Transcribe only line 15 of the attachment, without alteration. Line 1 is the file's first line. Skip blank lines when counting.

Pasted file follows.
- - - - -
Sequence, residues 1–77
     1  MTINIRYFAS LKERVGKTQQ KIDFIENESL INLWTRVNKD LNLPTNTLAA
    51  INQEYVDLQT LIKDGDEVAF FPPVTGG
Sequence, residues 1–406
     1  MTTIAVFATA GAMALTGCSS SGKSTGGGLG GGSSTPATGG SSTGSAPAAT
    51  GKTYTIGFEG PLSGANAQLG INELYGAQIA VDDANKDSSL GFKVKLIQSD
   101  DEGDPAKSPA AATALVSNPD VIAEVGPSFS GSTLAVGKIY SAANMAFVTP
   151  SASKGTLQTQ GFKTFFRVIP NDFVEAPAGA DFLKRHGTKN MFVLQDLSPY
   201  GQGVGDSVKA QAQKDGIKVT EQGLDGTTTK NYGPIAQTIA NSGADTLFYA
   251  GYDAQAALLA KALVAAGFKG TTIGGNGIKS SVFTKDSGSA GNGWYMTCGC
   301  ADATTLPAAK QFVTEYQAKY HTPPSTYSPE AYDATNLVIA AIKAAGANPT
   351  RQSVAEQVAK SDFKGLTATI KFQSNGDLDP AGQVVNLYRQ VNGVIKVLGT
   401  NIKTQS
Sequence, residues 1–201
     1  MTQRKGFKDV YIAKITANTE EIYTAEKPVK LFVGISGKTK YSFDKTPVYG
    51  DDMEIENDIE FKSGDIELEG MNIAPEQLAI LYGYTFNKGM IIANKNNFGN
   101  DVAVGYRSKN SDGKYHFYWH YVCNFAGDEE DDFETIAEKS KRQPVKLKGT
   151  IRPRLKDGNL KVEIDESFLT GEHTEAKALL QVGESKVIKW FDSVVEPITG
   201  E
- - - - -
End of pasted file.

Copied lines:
     1  MTQRKGFKDV YIAKITANTE EIYTAEKPVK LFVGISGKTK YSFDKTPVYG